Santa Maria Sun / News
The following articles were printed from Santa Maria Sun [santamariasun.com] - Volume 14, Issue 49
Something borrowed, something bruised: Injuries don't stop, even for a wedding
By RYAN MILLER
A guy in San Luis Obispo—let’s call him Shawn—was getting married this past summer. And, as guys do, he decided to get his groomsmen gifts to show his appreciation for their standing with him during the wedding ceremony: pocketknives.
His sister told the story: The morning of the wedding, he was messing around with one of the knives, and his friend bumped him, and the blade went right into his wrist.
“It was squirting blood,” she said. “He was freaking out.”
This wasn’t a life-threatening injury, though, so it wasn’t a wedding-stopping injury. He ran to a local drug store for bandages and tape, stopped the bleeding, wrapped up his wrist, and covered the now-scabbing slice with a handsome watch. None of the guests who didn’t already know about the cut saw anything amiss.
Gravity and anatomy don’t care a fig that you’re about to exchange vows in front of hundreds of your friends and family members. Thus—despite that fact that you’re in a rented tux or expensive white gown, that you’ve shelled out serious cash for food and flowers and a reception hall, that a wedding day is likely the most planned-for and prepped-for and tightly scheduled 24 hours of your life—if you drop a heavy box, it will fall. And if it falls on your foot, there will be consequences. Usually accompanied by a crunch.
As humans, we fumble plates, trip, fall off of ladders and down stairs, get into fender benders, chip teeth, step into gopher holes, slip on ice, bite our tongues, spill hot coffee, abruptly stand up into spaces too short for us, nick our skin while shaving, bang our elbows into corners, bark our shins on coffee tables, step on glass and nails, choke, cut ourselves, stab ourselves, crush fingers under heavy loads, and otherwise mangle any parts of our body capable of being mangled—and that’s on a good day, one without stress and pressure and heightened hormone levels.
Even on our best, most careful behavior, we can’t control the universe. And we’re rarely so self-controlled.
Jim Richards attended Cal Poly in the late ’90s and, a few years after graduating, married fellow Mustang alum Amanda Morehouse. His bachelor party happened a week before their wedding and involved a paintball excursion, which itself included a game in which his groomsmen and other various friends took potshots at him while he was clad only in his underwear and a Pleather jacket.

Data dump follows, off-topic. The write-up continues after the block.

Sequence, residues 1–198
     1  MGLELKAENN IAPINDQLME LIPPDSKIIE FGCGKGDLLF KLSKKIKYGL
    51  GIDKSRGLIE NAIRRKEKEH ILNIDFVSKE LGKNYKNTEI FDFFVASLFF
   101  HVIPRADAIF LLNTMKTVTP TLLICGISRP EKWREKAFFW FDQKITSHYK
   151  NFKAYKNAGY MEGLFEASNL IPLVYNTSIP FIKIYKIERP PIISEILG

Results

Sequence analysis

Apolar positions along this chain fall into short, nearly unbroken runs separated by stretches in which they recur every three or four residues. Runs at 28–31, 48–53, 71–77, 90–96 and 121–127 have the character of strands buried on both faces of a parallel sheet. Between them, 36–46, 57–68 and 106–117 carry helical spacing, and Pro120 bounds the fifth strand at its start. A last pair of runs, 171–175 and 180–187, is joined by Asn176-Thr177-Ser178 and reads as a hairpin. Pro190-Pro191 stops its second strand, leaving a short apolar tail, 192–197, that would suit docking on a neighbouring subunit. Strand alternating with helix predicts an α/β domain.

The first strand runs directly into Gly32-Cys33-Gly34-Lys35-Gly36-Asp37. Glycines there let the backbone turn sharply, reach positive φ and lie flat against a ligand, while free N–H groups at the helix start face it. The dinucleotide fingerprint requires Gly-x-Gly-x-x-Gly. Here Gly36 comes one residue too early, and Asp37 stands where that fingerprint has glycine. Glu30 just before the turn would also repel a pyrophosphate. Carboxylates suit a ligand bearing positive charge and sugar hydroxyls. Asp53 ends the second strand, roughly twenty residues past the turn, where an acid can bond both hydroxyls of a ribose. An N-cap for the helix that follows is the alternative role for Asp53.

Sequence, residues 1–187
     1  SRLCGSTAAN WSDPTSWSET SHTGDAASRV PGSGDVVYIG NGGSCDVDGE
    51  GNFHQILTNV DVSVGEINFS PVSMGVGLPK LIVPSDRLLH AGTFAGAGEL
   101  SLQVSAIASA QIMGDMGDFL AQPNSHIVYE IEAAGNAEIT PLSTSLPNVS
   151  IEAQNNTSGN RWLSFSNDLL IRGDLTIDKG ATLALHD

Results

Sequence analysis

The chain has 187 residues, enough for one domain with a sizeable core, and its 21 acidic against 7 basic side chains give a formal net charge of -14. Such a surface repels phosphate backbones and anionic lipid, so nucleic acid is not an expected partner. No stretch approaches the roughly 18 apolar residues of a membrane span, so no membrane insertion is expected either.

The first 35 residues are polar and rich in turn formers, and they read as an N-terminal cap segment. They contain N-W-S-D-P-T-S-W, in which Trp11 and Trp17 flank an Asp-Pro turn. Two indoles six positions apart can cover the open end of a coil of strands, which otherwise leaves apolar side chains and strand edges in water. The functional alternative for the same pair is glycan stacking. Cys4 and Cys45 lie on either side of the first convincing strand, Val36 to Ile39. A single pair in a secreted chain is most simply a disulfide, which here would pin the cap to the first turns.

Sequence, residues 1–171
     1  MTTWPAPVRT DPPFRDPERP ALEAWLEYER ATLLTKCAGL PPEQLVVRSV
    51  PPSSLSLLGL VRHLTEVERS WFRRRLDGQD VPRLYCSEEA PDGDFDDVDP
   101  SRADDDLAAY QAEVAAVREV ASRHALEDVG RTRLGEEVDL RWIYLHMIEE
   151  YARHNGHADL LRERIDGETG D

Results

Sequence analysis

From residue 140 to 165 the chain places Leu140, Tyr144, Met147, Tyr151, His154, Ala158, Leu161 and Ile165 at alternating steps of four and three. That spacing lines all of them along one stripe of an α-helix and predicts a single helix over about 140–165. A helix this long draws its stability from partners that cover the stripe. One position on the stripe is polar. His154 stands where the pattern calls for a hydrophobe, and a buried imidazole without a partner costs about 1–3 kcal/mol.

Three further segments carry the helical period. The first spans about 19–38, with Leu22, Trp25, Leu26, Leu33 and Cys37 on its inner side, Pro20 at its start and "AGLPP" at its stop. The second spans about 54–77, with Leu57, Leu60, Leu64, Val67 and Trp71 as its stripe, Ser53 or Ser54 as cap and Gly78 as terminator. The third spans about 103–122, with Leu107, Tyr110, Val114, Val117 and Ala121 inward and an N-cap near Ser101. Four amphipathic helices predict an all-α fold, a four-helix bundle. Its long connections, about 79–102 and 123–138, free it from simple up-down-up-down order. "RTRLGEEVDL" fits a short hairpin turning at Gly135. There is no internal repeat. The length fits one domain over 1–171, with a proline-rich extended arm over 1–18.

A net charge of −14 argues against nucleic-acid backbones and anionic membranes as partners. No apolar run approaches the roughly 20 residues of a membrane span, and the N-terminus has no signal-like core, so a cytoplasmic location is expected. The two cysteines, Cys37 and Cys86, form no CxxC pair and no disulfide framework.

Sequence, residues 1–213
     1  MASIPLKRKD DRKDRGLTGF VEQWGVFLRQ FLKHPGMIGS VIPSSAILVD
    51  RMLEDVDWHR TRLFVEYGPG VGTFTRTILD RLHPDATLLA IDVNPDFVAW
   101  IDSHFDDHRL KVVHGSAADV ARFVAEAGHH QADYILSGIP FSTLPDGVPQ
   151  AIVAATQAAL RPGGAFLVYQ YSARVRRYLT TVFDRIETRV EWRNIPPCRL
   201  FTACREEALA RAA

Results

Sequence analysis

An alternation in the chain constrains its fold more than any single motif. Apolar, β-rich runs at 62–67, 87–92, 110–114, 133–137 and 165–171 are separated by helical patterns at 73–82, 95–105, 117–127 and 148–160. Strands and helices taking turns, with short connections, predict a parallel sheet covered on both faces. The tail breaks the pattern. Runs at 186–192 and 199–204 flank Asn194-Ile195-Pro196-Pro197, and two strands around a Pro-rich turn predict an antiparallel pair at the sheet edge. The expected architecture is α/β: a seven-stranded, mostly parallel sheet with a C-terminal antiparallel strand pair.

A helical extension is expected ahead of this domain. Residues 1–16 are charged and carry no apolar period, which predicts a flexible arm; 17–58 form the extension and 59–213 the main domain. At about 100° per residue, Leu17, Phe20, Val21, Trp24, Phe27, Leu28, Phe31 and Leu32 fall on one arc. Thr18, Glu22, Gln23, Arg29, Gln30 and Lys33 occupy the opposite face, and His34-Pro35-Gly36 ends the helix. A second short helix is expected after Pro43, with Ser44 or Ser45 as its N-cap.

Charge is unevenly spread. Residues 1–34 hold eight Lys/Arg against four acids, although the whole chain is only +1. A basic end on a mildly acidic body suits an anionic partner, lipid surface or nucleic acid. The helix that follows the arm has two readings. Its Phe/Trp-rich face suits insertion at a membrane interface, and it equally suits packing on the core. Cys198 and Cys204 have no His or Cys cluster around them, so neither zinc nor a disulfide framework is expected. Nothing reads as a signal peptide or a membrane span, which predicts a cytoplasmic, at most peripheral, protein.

Full disclosure: This reporter was a member of the bachelor party group and witnessed the following carnage firsthand.
Remarkably, no one was seriously harmed by the high-velocity fluid-filled pellets zinging through the air that afternoon in 2000.
After dinner at Last Stage West—where several of the guys took to the stage to play some guitar and harmonica tunes—the group went to Avila Beach for some ultimate Frisbee in the dark, with glow sticks lighting up the two teams and the disc.
In mid-January, 2014, Richards remembered the evening well. Specifically, he recalled jumping to catch a pass at the same time as another of his friends.
“We collided in the air and fell into the sand,” Richards said. “I stood up and fell back down because I’d broken my toe.”
For the following week, he wore open-toed shoes, hoping his injury would heal enough, but he’s no Wolverine.
“When the wedding day came around and I got those rental shoes and tried to stick my foot in … it hurt really bad.”
Fortunately, he had a pair of black Teva sandals, which he wore throughout the day—up until the ceremony. Right before he walked into the Mt. Carmel Lutheran Church sanctuary, he switched to the formal footwear and toughed it out, doing his best not to limp “too much.”
He put his Tevas in the getaway car so they’d be ready for him as soon as he left the ceremony, and he wore throughout the reception and for the rest of the evening.
His now-wife Amanda chimed in: “I remember thinking it was a little inconvenient, but it really didn’t stand in the way.”
“Did people notice?” Jim mused. “Yeah, I think so. Yeah. But it made for a good story.”
Executive Editor Ryan Miller can be contacted at email@example.com.
Judge dismisses California Valley fraud case Marijuana growers reluctant to register with SLO County Season of the witch: 'Herbie' magic grows wild across SLO County's secret gardens Mailpocalypse: In the digital age, politicians still rely on snail mail to get your vote What's up with Measure J? Vote-by-mail ballots increase Shandon-San Juan forms water district